October 29, 2013

Court of Appeal affirms $14.5M punitive damages award in asbestos case (Pfeifer v. John Crane)

The California Court of Appeal issued this 68-page published opinion today, affirming a $14.5 million punitive damages award.

The opinion might not remain on the books for long, for reasons having nothing to do with the court's punitive damages analysis.  The opinion addresses an issue that's already before the California Supreme Court in another matter, Webb v. Special Electric.  Both cases raise the following question: when a supplier sells a product to a purchaser who is already aware of dangers of the product, can the supplier still be liable for failure to warn?  Because that issue is already before the court in Webb, there is a strong chance the court will grant John Crane's petition for review (assuming it files one) and hold this case pending the disposition in Webb.

Aside from that "sophisticated purchaser" issue, there is a lot of interesting stuff in this opinion. I won't attempt to summarize all 68 pages, but here are some highlights of the punitive damages analysis:

1.  The opinion states that reviewing courts should take the "clear and convincing" evidence standard into account when deciding whether a plaintiff presented substantial evidence of malice, oppression, or fraud.  As we have noted in prior posts, other recent published cases have said the same thing, but some recent unpublished opinions have disagreed.

2.   The opinion concludes that the record in this case supports the jury's finding of malice, because the plaintiffs presented evidence that John Crane knew its customers used its products in ways capable of generating dangerous levels of asbestos dust. 

3.  The opinion rejects John Crane's argument that the trial court erred by ordering John Crane to disclose information about its financial condition during trial, after the jury found that John Crane acted with malice.  John Crane argued that the plaintiffs were not entitled to that information because they failed to follow the procedure spelled out in Civil Code section 3295(c) for requesting pretrial discovery of financial condition information.  The opinion follows the holding of Mike Davidov Co. v. Issod, which said that a court can order the defendant to produce its financial condition evidence during trial, after a finding of malice, so long as the trial court allows the defendant sufficient time to gather its records.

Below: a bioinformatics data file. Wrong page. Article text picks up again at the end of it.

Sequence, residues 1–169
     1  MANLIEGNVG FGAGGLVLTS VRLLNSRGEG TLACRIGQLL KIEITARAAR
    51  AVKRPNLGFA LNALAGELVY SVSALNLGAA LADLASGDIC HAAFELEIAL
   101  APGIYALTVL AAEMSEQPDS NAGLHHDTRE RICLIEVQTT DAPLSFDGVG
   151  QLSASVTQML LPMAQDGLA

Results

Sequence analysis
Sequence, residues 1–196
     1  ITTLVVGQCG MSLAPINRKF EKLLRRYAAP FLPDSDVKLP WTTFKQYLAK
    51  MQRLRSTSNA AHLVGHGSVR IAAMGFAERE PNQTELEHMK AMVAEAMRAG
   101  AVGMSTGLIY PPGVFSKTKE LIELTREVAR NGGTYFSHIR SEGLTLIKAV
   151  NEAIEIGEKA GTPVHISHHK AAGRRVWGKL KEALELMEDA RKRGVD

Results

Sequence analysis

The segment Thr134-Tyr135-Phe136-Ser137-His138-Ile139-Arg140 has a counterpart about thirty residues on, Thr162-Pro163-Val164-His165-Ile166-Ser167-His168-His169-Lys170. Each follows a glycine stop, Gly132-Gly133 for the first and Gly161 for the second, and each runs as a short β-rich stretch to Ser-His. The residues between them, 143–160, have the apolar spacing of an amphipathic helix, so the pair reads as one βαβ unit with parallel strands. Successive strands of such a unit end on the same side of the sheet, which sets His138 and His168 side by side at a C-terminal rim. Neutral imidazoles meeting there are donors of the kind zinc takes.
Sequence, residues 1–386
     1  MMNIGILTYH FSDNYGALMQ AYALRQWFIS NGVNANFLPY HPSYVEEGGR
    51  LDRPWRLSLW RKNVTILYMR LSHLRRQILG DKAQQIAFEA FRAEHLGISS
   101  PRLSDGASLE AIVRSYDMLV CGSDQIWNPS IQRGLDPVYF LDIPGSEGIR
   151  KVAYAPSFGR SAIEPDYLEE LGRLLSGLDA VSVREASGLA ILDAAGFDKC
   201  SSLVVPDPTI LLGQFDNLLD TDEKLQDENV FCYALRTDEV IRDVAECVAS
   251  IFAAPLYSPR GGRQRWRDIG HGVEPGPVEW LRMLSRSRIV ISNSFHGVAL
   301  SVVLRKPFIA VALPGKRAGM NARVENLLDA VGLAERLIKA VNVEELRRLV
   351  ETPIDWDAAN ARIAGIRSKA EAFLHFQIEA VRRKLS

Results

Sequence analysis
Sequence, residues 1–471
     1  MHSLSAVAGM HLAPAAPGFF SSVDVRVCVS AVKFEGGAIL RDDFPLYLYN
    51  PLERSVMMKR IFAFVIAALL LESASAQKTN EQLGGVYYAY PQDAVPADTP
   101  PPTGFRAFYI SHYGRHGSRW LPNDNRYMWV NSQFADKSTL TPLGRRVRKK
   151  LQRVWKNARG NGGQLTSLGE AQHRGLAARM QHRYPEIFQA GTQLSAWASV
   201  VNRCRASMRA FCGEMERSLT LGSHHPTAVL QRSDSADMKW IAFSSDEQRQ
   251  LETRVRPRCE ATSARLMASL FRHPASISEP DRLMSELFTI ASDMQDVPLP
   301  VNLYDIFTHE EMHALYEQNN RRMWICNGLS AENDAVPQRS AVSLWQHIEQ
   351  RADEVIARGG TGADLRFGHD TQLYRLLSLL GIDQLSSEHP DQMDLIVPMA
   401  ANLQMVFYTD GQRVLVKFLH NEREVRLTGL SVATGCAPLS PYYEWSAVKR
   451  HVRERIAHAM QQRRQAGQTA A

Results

4.  The opinion rejects John Crane's argument that its financial condition was insufficient to support the punitive damages award.  According to the plaintiffs' expert, John Crane had $403 million in assets and nearly $16 million in cash on hand, but had a negative net worth of $125 million.  The opinion observes, however, that John Crane's net worth would be a positive $98 million if not for its  asbestos-litigation liabilities.  And the opinion observes that the jury's award of $14.5 million is only six percent of the funds John Crane set aside for payment of asbestos litigation.  Based on these observations, the opinion concludes that John Crane could afford to pay the award without being destroyed.  

5.  The opinion rejects John Crane's argument that California's punitive damages statute, Civil Code section 3294, is unconstitutionally vague as applied to this case.

6.  The opinion holds that the jury's $14.5 million award was not excessive.  The opinion compares that amount to the $6.2 million compensatory damages owed by John Crane (after reduction to reflect the jury's allocation of fault), and concludes that the resulting ratio of 2.3 to one is not excessive, considering the highly reprehensible nature of John Crane's conduct.

We will keep tabs on this one to see if the Supreme Court grants review.